AZ/Daiichi partner with Merck on first-line lung cancer trial
The dominance of Merck & Co's Keytruda in the treatment of previously-untreated non-small cell lung cancer (NSCLC) means it will be hard to dislodge – so AstraZeneca and Daiichi Sankyo have forged an alliance in the hope of piggy-backing on that success.
AZ and Daiichi Sankyo have agreed to partner with Merck on a second phase 3 trial of PD-1 inhibitor Keytruda (pembrolizumab) in combination with datopotamab deruxtecan – their TROP2-directed antibody-drug conjugate (ADC) – to see if the duo can outperform Keytruda alone in first-line NSCLC.
The TROPION-Lung08 trial will be run in NSCLC patients whose tumours express the biomarker PD-L1 at high levels, and who don't have other genetic mutations that could make them candidates for treatment with targeted cancer drugs.
The move moves datopotamab deruxtecan (formerly DS-1062) into phase 3, and extends an earlier collaboration between the three companies on a phase 1b study of Keytruda and the ADC in the same patient population called TROPION-Lung02.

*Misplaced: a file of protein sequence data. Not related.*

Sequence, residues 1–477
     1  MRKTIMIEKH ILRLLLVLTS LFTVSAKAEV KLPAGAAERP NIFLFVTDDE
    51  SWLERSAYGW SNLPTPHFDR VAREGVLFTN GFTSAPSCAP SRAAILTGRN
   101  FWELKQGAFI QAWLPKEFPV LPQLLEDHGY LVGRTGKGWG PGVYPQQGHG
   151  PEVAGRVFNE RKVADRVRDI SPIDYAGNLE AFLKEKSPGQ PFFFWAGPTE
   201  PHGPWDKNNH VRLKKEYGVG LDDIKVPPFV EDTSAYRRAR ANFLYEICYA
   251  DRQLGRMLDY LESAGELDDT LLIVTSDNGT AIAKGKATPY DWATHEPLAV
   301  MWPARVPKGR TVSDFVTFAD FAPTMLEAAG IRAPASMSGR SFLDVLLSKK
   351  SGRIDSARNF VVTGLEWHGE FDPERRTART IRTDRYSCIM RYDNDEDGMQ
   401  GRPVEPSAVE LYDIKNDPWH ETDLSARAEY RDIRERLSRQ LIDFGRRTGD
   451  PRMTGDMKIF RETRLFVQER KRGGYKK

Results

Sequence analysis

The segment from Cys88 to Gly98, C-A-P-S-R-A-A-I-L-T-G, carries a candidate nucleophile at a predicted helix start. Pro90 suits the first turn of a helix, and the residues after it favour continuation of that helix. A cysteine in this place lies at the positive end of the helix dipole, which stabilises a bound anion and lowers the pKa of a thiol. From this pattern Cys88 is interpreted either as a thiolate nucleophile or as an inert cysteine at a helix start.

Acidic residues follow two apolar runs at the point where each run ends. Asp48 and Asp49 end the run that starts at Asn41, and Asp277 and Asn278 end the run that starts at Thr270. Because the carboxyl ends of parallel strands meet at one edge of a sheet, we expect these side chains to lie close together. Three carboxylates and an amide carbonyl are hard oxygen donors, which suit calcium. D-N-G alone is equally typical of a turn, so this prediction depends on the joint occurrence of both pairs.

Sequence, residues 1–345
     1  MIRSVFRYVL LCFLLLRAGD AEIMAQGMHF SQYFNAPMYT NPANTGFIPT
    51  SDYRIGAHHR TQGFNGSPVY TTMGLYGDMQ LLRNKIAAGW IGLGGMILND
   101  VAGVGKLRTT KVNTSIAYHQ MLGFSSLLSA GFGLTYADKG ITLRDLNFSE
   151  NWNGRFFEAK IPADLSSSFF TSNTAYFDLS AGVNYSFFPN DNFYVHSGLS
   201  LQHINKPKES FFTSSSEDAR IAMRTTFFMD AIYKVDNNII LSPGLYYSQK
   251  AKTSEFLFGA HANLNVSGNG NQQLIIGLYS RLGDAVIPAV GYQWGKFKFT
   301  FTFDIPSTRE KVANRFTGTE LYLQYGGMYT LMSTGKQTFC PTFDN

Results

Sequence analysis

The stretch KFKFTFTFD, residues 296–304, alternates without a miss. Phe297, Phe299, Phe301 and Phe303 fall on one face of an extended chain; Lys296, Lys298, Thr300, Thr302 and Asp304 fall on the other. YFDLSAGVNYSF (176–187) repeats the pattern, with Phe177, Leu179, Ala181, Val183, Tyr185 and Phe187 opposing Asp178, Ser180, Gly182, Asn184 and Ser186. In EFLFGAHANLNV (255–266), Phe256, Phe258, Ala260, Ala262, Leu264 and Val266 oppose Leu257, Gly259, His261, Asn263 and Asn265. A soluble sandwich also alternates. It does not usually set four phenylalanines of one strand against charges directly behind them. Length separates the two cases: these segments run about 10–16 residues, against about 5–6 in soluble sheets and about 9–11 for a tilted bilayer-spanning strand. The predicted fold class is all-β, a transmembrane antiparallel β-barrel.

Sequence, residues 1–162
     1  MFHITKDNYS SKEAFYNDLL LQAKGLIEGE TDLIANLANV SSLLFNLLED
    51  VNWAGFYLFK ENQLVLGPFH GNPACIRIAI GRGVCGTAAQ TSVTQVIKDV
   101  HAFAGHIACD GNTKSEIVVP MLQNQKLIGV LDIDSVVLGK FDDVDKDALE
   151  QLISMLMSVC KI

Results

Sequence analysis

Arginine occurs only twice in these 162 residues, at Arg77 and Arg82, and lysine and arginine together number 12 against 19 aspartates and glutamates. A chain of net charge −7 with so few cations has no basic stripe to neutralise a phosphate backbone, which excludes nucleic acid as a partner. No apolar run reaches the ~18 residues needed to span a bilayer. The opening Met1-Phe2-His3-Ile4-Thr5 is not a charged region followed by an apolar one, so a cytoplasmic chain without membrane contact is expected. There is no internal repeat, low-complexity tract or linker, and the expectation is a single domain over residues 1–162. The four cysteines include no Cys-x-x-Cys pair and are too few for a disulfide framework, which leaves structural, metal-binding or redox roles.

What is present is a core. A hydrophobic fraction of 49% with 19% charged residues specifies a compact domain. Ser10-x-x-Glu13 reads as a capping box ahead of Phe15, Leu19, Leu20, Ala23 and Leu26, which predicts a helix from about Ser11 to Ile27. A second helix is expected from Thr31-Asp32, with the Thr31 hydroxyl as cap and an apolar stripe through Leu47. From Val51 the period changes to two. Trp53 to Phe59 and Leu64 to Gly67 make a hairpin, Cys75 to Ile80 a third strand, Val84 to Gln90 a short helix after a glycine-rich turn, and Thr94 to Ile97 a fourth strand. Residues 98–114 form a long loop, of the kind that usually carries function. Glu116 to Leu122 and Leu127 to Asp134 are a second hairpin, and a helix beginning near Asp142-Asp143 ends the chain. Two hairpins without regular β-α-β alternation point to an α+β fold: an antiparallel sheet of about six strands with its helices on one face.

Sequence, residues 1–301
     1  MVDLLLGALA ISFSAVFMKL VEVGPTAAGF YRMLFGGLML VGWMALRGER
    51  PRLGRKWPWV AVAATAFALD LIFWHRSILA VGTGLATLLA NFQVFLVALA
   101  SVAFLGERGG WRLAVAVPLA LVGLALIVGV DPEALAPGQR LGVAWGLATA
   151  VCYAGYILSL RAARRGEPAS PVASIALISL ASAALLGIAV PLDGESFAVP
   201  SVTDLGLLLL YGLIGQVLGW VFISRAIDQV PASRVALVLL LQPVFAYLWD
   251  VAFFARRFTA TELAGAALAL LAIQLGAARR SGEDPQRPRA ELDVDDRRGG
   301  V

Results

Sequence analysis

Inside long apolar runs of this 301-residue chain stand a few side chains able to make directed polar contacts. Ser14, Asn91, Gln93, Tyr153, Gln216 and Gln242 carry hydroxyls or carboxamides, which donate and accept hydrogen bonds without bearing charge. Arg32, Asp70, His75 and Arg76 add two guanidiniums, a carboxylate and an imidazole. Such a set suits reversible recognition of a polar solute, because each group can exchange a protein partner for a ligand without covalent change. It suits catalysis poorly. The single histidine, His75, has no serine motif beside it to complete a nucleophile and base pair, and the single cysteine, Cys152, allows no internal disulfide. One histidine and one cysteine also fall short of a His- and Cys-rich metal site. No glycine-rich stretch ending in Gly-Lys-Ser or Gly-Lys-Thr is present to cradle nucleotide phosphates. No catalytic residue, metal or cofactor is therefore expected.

Preliminary results with the ADC in NSCLC were reported at this year's ESMO cancer conference and revealed objective response rates of 21% to 25% when used as a monotherapy in heavily pre-treated patents.
TROP2 has already been validated as a target in oncology with the approval last year of Gilead Sciences' ADC Trodelvy (sacituzumab govitecan) as a first-in-class treatment for triple negative breast cancer (TNBC).
AZ and Daiichi Sankyo are also going after the TNBC indication, but first-line NSCLC is a much bigger market and that has been a key factor in Keytruda's strong growth to reach around $14 billion in sales last year.
Trodelvy meanwhile is also in early-stage clinical testing for NSCLC in combination with Roche's Keytruda rival Tecentriq (atezolizumab), and is due to start a phase 3 study as a second-line option compared to chemo for NSCLC patients who have relapsed after first-line immunotherapy.
AZ shelled out $1 billion upfront for rights to datopotamab last year in a deal that could be worth up to $6 billion, extending a fruitful partnership that has already generated one marketed product, HER2-directed ADC Enhertu (trastuzumab deruxtecan) for advanced breast cancer. Details of the new agreement with Merck haven't been disclosed.
Checkpoint inhibitors like Keytruda given either alone or in combination with chemotherapy have become the standard first-line NSCLC treatment for patients unsuitable for targeted drugs.
However, 40% to 60% of tumours do not respond to initial treatment and disease progression occurs, according to Daiichi Sankyo, and that means there is a pressing need for improved options.